Anthea Parry writes: Roskam and Charles Richardson have got it entirely wrong. Not only are public schools not free, they’re also not government funded. They’re taxpayer-funded. As such, not only do I know that I’m paying for my kids’ educations (even though they’re at private schools) and therefore I do not take their education for granted, I am also paying proportionately more than the parents of less well-off children, because I am paying more tax. If people think richer parents should be paying more for their children’s education, perhaps they should put their efforts into tax reform rather than making ill-founded claims that parents of kids in public schools don’t value their education because they’re not paying for it.

Mike Smith writes: Re. “The sectarianism behind the anti-Hicks campaign” (yesterday, item 2). “Further, on page 292, Begg relates that Hicks ‘declared that he was not a practising Muslim any more’. Other former inmates have reported that Hicks had abandoned his Muslim faith altogether”. I am reminded of the “conversion” of Michelle Leslie to Islam during her trial. Is this another such “conversion” or similar of convenience? So far he’s been an Australian citizen, then a British citizen, now an Aussie again and appears to want to cop a guilty plea while proclaiming his innocence. I’m not really surprised that the prosecutor isn’t willing to go along with that. But it is in nobody’s interests to keep him for five years without a trial – his, our government’s, the US government’s. Get it moving!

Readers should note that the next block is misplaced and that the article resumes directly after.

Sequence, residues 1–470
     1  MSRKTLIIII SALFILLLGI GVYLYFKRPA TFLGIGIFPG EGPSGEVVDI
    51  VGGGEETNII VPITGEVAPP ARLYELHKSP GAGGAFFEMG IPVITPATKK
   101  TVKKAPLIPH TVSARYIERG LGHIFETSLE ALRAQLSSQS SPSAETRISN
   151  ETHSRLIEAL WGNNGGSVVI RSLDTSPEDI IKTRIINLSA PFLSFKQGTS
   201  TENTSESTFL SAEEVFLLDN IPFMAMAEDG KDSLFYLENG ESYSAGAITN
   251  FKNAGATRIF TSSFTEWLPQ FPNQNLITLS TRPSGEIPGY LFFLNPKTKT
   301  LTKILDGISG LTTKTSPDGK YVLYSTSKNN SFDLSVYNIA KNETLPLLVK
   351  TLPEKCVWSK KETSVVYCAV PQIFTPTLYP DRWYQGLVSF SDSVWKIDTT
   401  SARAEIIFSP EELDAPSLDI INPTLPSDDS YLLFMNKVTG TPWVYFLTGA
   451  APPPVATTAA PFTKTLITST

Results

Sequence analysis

Tamas Calderwood writes: Irfan Yusuf can go ahead and count me among the “tiny minority” who condemn David Hicks. I’m completely indifferent to Hicks’s faith or even if he chooses to practise it. But anyone who fights for the Taliban, keeps counsel with Osama bin Laden and seeks the downfall of the West has lost the support of this Australian citizen. The US sent an American, John Walker Lindh, to prison for 20 years as punishment for fighting with the Taliban. When they finally get round to trying him, a similar sentence for Hicks sounds about right to me.